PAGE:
I’ll get in there and ask ‘Alright first step, how do you get a client? Where do you find them? What do you say to them? What do you do to get them to trust you?’ We’ll go through the entire process and just document everything that the owner does.”
But after breaking everything down and documenting each individual task in your business, how do you know which tasks will have the most impact? How do you figure out what you should be prioritizing and what can be outsourced?
Well, to answer that…
Ask Yourself: What Are You Doing To Grow Business?
After breaking your business down into a single pipeline and breaking it up into different sections, I’m sure that you’ve been able to identify dozens of different things you can be doing to scale your business.
The first step to figuring out what tasks you need to be prioritizing is to identify what are the only things only you can do?
“Let’s say I’m working with a coach and they’re trying to build their business. The things you can’t farm out are the brand because people are hiring them because of their personal brand, so the things they can’t farm out are the things like creating content and being on camera, these are the things only they can do,” says Hanson.
“But the things they can farm out are things like the initial calls, screening these people, sales, getting people in the door, or after they’re hired is sending them the homework, and checking the homework.”
Really take a moment to consider what are the select handful of things in your business that is completely dependent on your individual set of skills and knowledge, because those are the only parts of your business you should be working on. Everything else can be outsourced to someone else or automated through technology to grow business.
The next step is to then take into account the amount of energy that goes into each task.
A huge mistake that many people make with time management is to completely ignore that humans are not robots and that our energy levels will fluctuate depending on what we’re doing and when we’re doing it.
A very simple example is trying to get some work done in the morning. For those of us who naturally wake up early, the morning is the most productive time of their day. Whereas for night owls, trying to get even a simple task done in the morning can take hours and sap them of their energy for the rest of the day.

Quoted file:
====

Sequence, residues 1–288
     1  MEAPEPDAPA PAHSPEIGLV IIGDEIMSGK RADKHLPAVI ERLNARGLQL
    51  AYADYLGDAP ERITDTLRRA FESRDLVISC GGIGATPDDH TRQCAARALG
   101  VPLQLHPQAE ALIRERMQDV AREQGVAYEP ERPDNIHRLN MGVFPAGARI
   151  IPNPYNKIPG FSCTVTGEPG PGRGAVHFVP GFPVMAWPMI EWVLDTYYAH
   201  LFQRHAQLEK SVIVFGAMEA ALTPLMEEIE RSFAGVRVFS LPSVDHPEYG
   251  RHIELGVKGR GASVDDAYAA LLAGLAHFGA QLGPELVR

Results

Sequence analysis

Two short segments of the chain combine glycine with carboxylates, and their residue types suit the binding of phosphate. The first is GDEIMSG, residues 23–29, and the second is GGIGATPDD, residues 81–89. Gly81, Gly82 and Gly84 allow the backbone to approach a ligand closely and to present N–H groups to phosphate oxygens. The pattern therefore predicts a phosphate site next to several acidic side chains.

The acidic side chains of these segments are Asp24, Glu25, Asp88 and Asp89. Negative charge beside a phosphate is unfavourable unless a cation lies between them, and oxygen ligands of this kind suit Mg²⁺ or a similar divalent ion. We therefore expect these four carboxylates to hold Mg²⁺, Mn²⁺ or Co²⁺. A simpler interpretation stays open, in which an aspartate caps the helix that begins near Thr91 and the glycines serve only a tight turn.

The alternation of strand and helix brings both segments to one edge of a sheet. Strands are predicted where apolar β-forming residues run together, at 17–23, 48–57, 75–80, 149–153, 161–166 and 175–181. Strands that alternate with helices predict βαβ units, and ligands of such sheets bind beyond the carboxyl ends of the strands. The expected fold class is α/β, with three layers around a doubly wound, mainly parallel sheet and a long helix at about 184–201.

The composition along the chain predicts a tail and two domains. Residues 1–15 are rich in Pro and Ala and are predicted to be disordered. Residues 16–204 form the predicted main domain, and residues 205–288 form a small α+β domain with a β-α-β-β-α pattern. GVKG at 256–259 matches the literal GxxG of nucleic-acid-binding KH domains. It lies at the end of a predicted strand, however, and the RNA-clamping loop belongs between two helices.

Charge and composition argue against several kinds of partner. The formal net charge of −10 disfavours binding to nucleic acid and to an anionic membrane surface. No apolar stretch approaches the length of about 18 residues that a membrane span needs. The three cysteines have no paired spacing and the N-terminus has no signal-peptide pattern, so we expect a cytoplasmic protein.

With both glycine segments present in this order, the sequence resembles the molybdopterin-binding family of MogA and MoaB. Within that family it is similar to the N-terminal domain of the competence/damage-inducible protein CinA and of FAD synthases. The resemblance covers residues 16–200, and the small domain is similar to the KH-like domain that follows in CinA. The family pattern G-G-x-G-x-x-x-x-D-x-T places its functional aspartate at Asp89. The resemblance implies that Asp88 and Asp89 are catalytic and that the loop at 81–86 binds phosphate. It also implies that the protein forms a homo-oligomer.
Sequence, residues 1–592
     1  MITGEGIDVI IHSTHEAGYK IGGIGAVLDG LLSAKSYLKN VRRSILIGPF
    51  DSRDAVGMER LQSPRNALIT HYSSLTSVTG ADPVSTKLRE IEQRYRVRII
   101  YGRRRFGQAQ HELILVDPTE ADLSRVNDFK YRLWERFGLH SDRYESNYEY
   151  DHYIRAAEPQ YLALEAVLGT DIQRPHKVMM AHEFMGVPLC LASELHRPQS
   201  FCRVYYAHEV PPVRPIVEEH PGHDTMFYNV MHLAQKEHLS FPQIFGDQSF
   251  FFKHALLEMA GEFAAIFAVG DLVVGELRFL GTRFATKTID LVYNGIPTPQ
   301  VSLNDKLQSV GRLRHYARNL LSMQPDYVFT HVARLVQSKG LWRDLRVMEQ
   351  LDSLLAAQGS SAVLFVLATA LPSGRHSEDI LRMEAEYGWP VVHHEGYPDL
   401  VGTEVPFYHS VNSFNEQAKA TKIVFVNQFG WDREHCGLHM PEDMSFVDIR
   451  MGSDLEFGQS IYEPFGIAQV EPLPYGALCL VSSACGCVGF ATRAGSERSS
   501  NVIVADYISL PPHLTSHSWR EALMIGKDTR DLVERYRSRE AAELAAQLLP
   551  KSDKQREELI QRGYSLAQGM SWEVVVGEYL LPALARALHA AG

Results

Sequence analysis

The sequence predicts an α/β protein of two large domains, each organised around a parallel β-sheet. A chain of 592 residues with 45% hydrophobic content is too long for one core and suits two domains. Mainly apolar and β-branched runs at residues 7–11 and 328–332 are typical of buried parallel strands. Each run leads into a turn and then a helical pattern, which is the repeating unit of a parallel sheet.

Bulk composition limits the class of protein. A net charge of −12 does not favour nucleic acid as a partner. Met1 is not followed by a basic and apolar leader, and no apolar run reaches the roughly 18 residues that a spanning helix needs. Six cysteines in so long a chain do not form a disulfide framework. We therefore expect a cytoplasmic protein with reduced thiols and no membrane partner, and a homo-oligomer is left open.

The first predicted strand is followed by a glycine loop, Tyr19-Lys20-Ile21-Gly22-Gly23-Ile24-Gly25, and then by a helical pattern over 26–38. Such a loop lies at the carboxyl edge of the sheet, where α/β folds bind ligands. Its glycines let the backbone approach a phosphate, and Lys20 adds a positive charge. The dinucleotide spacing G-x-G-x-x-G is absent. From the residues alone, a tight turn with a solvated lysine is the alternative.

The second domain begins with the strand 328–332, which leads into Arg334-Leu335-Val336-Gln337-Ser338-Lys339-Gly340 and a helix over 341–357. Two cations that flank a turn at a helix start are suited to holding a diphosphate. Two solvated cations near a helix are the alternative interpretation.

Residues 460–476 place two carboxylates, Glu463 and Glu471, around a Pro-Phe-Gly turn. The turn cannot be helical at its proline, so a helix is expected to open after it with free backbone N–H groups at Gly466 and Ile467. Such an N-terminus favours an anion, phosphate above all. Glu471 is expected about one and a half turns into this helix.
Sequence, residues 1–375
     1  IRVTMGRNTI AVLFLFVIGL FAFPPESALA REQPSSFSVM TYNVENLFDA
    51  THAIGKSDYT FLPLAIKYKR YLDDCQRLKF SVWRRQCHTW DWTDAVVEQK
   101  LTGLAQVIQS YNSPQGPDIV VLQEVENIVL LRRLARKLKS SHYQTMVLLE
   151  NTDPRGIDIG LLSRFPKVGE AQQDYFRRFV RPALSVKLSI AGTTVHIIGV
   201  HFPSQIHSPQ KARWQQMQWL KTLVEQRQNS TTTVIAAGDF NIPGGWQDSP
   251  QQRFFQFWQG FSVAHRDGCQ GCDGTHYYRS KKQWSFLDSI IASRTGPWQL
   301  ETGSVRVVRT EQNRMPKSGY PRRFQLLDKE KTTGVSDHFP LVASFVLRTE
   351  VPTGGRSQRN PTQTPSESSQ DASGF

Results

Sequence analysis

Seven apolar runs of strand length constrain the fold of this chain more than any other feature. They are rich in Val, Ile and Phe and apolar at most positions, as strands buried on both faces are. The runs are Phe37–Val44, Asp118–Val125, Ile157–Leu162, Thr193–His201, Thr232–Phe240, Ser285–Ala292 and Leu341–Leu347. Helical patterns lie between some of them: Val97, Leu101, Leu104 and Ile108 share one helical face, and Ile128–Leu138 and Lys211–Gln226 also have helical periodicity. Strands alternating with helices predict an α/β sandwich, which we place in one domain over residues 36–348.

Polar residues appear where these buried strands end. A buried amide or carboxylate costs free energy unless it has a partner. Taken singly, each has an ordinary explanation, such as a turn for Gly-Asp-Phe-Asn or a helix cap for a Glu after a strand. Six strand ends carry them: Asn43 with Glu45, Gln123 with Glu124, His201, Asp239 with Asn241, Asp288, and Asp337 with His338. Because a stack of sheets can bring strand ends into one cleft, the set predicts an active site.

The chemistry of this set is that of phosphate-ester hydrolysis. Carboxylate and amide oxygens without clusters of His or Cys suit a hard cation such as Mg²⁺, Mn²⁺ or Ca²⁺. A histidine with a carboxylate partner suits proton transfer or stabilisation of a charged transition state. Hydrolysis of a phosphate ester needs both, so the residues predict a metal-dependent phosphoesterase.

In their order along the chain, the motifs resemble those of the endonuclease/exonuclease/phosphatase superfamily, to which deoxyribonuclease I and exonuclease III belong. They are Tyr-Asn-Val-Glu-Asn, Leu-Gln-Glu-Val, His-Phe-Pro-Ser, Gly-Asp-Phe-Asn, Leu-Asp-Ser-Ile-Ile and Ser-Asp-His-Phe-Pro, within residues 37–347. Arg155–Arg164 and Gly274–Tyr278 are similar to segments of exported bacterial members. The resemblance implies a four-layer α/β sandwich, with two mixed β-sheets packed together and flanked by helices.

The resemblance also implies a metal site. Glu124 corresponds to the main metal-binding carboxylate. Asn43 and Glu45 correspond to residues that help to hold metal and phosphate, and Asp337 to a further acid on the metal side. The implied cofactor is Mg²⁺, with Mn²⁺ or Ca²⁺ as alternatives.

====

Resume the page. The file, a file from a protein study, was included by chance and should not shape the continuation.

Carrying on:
Which is why more than just looking into the number of hours that it takes to complete a task, you should be looking at how much mental energy it will take you. Working on something you hate is going to naturally take more energy than working on something you genuinely enjoy.
“If you’re taking an hour out of your day to talk to someone but at the end of it you’re spent and you can’t do anything else for the rest of the day then that’s a big investment for you,” says Hanson. “People will work 15 hours a day on something they love and make so much progress and learn and iterate, but when you do something you hate it takes 3 weeks to accomplish something that would have taken someone else a day or two.”
Moving the needle and it isn’t so about working harder too grow business, it’s about working smarter.
Keep in mind that your most precious resource as an entrepreneur is not your skills, your knowledge, or even your innate talent. No, the one thing that you have that no one else can possibly replicate is your time and energy.
It is by far your most precious resource because once you spend it, there’s no way you can possibly get it back.
For Hanson, it’s only when you consider the fact that you only have a limited amount of time and energy that you can spend every day that you’ll be able to start effectively identifying which tasks have the biggest possible impact on you and your business.